By Jenny Strasburg and Laurence Norman 

AstraZeneca PLC expects to deliver tens of millions fewer Covid-19 vaccine doses than planned to the European Union in coming months, according to people familiar with the matter, threatening the continent's plans to ramp up vaccinations and delivering a fresh reputational blow to the drugmaker.

AstraZeneca disclosed the shortfall late Friday after briefing European officials earlier in the day. It blamed a manufacturing issue in Europe, but didn't disclose the magnitude of the shortfall.

According to people familiar with the matter, the company told European officials that in a worst-case scenario, AstraZeneca may be able to provide only around 30 million of roughly 80 million doses EU countries had anticipated for February and March, a roughly 60% decline from the company's earlier estimates. AstraZeneca is working to significantly reduce that potential shortfall and says the roughly 30 million doses is the minimum it should be able to deliver, these people said.

The root cause of the problem is a manufacturing facility in Belgium owned by Novasep Holding SAS that has been unable to make as much bulk vaccine as projected, the people said. The facility's so-called yield, or the amount of vaccine it can make from base ingredients, is running at about a third of AstraZeneca's expectations, one of the people said. Novasep didn't respond to requests for comment Saturday.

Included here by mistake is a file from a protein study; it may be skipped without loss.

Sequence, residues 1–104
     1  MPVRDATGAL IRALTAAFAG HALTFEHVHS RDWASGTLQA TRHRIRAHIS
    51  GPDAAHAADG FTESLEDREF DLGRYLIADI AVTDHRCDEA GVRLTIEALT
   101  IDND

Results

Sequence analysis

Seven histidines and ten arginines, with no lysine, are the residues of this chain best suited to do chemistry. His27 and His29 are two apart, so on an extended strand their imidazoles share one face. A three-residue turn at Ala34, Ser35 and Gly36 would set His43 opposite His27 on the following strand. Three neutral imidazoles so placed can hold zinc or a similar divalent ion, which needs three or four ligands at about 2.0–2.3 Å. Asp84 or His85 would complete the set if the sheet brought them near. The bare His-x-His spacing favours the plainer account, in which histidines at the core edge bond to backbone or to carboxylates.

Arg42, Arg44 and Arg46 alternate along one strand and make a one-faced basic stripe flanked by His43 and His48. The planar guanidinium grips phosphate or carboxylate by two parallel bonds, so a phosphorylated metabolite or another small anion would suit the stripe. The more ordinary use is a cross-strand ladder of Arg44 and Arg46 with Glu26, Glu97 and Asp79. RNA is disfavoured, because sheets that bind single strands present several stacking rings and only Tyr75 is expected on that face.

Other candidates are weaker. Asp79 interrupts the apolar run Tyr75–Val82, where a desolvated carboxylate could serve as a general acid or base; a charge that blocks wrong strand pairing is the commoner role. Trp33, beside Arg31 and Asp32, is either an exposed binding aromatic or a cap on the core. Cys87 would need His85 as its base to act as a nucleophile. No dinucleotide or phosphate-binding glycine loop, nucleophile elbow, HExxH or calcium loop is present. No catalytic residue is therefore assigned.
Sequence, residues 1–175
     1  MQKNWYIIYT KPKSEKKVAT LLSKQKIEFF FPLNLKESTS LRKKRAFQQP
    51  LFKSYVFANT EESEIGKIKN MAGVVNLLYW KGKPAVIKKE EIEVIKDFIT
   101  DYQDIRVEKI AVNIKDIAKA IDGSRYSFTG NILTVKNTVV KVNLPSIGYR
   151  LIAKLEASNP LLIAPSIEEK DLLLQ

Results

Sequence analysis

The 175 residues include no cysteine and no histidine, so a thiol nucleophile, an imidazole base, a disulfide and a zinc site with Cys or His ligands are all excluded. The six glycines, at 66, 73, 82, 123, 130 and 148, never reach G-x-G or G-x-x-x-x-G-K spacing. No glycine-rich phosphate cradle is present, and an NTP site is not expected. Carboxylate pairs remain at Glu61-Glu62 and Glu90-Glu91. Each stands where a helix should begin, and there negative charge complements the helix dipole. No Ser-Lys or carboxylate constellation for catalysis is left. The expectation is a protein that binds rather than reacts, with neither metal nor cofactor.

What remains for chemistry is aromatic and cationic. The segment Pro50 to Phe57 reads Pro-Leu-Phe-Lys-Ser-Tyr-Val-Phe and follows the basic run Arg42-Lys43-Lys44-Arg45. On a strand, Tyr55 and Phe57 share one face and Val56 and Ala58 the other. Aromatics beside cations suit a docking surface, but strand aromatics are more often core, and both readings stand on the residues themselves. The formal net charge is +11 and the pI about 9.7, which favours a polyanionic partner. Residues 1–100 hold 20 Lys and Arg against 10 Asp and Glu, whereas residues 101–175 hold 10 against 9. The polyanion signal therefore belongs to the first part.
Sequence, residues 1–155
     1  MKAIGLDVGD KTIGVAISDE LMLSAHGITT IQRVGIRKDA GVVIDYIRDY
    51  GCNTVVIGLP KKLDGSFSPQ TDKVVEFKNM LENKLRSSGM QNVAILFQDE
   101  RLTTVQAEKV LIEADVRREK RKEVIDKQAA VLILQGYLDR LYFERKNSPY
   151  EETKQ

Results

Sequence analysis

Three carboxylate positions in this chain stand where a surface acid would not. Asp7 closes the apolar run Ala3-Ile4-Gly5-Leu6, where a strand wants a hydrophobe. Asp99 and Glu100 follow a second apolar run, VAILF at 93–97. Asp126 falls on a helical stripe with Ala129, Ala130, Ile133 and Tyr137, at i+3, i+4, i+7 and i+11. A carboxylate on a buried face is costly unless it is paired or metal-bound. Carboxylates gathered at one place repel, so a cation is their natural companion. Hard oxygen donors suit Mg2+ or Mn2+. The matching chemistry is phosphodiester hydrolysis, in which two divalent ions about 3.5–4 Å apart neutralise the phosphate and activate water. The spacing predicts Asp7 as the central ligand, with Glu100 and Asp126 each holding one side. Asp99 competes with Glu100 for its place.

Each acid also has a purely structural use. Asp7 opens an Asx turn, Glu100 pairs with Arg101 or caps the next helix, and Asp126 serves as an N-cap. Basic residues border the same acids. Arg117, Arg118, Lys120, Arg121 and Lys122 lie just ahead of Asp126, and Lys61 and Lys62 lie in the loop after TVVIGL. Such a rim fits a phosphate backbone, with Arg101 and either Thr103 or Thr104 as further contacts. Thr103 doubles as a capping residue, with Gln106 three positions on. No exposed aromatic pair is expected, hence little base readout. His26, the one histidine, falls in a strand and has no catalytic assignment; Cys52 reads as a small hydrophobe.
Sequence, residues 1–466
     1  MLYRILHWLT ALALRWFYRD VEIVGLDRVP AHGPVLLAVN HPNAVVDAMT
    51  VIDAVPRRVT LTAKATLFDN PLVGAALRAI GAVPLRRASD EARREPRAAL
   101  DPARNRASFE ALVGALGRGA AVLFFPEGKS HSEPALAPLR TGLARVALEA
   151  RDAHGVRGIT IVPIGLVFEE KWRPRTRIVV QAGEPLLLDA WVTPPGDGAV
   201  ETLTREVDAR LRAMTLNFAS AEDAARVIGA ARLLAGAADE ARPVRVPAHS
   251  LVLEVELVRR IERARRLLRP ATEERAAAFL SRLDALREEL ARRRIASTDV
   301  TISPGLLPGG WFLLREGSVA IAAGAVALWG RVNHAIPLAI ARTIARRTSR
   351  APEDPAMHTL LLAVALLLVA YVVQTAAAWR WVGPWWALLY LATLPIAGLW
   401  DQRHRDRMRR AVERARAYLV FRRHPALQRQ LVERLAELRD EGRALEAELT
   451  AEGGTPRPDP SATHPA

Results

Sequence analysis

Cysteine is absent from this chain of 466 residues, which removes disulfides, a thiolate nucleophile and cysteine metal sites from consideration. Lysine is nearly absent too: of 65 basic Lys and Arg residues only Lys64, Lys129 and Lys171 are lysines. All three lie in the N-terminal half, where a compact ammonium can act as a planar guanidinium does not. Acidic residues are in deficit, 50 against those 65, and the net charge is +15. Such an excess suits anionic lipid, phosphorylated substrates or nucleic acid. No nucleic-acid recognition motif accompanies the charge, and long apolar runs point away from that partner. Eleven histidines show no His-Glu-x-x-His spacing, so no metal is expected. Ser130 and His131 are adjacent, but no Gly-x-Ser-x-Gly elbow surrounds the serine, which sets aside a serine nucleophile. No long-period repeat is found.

Vaccine yields can vary widely depending on "seeding" steps, taken over weeks, to grow cells needed to make the vaccine and later-stage processes to filter and purify the substance before it's packed into vials. AstraZeneca has found yields varying among its many manufacturing partners and has been working to boost production where it is lagging, the person said. The process is labor- and time-intensive. Reuters first reported the number of doses AstraZeneca may no longer be able to deliver.

The size of the expected shortfall has raised alarms in European capitals, which are racing to accelerate vaccination drives that have fallen behind other Western countries, including the U.K. and U.S. The bad news came after European officials clashed this week with Pfizer Inc. and BioNTech SE over the companies' decision to cut their own planned deliveries of Covid-19 vaccines to the bloc.